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Herpetology at AMNH

The American Museum of Natural History's Department of Ichthyology and Herpetology was founded in 1909, and in 1919 Herpetology (the study of amphibians and reptiles) became an independent Department of Herpetology under its first curator, Mary C. Dickerson. The Department of Herpetology has its roots in the great expeditionary period of the late 19th and 20th century great and continues today as one of the world's foremost centers of research on reptiles and amphibians. The Department's curators, research associates, and students maintain active research programs on the diversity and evolution of reptiles and amphibians worldwide, as well as in the theory and practice of the science of determining the evolutionary relationships among organisms.

The Museum's collection of amphibians and reptiles, is one of the most heavily used herpetological resources in the world, ranks among the world's five largest such collections. The collection maintains more than 360,000 specimens representing more than 7,000 species (roughly half the world's known species) of frogs, toads, salamanders, alligators, crocodiles, lizards, snakes, turtles, and includes specimens from nearly every country on Earth, with particularly noteworthy holdings from Africa, Madagascar, China, Vietnam Australia, New Guinea, the Pacific Islands, Pakistan, Cuba, Mexico, Panama, South America, and the United States. The oldest specimens in the collection include Fence Lizard scales found in a fossilized pack-rat nest dating to the Pleistocene (28,000 years ago) and and a gecko that was wrapped in an Egyptian mummy dating to 2010 BCE. The earliest acquisitions of the collection were acquired in 1870 from the estate of Prince Maximilian von Wied, the great explorer of coastal Brazil and of the Missouri River. Specimens range in size from giant tortoises, Komodo Dragons, and Salt-water Crocodiles to the tiniest frogs, salamanders, and geckos, some of which would be comfortable sitting on a dime. Other highlights include a large collection of frog call recordings, color paintings of specimens in life from expeditions to China, and approximately 5000 tissue samples for genetic analysis, stored in the Monell Cryo-collection.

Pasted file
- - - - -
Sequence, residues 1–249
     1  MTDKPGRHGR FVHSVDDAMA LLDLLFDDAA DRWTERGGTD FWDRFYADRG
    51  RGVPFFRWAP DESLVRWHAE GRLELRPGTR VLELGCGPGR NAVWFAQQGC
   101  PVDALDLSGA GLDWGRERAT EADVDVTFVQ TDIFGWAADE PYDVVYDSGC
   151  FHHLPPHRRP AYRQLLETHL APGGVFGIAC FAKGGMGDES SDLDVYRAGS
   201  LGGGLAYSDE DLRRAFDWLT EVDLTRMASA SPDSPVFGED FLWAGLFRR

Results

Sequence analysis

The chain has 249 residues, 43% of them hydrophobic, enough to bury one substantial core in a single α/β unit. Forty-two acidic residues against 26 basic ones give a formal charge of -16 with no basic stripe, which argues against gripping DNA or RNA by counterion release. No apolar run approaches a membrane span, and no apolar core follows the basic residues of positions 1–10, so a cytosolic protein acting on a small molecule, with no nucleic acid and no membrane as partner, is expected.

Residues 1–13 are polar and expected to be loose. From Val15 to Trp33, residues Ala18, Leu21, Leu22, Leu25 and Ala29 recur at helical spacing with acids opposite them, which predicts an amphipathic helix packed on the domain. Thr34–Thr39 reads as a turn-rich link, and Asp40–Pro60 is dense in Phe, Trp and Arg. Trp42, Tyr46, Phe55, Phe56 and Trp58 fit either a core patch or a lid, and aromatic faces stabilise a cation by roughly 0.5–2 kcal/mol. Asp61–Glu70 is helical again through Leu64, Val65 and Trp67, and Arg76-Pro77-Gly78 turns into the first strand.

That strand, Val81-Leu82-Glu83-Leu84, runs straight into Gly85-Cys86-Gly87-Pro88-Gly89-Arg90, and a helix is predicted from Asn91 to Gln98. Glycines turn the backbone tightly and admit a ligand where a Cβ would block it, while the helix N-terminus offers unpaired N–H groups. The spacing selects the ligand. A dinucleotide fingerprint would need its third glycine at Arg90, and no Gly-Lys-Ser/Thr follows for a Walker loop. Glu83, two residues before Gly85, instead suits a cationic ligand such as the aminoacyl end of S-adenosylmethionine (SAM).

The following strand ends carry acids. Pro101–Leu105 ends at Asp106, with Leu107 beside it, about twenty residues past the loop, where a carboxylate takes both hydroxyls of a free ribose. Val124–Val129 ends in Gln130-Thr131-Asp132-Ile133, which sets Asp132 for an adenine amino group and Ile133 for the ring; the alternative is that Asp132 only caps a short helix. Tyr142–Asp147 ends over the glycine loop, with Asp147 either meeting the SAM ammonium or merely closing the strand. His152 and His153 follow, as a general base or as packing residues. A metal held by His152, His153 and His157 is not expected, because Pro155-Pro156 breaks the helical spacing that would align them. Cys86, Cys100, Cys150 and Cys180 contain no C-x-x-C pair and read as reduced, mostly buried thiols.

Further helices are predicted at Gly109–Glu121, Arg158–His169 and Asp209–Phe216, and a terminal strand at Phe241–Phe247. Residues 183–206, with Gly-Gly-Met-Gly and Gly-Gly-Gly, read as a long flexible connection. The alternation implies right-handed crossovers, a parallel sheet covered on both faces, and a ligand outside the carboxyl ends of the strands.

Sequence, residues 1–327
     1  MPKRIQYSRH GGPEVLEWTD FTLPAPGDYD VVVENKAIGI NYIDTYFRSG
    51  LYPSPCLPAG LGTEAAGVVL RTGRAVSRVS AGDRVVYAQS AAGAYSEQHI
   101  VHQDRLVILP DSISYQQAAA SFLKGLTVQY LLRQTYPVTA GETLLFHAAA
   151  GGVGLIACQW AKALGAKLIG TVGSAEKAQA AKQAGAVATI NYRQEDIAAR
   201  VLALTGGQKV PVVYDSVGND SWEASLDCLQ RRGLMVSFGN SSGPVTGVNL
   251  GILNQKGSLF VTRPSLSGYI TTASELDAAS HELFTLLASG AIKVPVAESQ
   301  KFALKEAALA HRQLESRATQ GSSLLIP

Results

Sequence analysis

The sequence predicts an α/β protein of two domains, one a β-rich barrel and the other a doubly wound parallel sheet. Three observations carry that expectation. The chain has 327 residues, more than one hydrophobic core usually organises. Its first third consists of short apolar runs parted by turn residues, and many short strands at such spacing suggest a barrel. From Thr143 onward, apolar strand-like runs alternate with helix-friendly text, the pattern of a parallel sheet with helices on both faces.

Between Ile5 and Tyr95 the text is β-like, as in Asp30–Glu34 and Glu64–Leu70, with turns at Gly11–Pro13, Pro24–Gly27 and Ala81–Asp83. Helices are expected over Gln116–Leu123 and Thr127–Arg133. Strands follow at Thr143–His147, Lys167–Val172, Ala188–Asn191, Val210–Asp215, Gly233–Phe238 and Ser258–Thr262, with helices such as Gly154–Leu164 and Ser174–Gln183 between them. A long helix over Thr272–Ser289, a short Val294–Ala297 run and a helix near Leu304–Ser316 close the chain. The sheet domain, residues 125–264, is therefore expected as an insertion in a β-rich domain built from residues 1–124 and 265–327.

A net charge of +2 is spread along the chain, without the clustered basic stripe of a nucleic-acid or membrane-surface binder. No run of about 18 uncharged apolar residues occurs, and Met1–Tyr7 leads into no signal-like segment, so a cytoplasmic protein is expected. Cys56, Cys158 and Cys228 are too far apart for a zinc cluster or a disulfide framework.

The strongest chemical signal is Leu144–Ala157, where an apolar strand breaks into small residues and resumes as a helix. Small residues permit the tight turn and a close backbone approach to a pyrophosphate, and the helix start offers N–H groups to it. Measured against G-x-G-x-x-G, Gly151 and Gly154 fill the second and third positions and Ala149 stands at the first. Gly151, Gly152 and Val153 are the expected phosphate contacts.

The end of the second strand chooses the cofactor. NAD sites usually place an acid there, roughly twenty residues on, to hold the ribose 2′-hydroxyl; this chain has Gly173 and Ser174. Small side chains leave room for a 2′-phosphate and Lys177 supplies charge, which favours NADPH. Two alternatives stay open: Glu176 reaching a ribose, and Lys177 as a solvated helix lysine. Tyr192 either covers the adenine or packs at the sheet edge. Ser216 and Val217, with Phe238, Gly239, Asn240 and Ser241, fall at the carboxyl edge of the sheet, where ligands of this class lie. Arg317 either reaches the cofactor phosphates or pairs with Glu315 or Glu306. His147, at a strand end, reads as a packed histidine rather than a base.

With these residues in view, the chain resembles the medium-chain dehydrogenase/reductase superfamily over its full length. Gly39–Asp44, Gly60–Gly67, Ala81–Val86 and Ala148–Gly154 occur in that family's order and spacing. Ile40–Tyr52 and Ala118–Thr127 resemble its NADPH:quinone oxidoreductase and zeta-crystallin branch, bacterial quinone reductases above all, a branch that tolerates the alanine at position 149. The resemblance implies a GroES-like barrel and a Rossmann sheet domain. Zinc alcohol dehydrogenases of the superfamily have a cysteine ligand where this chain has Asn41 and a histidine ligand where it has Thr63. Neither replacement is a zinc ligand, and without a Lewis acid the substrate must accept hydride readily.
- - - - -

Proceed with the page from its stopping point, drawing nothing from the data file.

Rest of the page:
Beyond with the Department's traditional collections of skeletons, cleared-and-stained, and whole alcoholic specimens, the Museum's herpetologists avail themselves of the Museum's frozen tissue collection, with a one-million-sample capacity, which supports a broad range of research in herpetological genomics. The Department of Herpetology has deposited more than 5,000 tissue samples in this facility and thousands more are currently being processed into that collection from around the globe. These tissues are the source materials for the Museum's molecular laboratories, which house three DNA sequencers as well as a powerful, highly sophisticated parallel-computing facility. The facility enables Museum herpetologists to determine phylogenies, or evolutionary trees, from massive amounts of data that range from fossil traits to DNA sequences.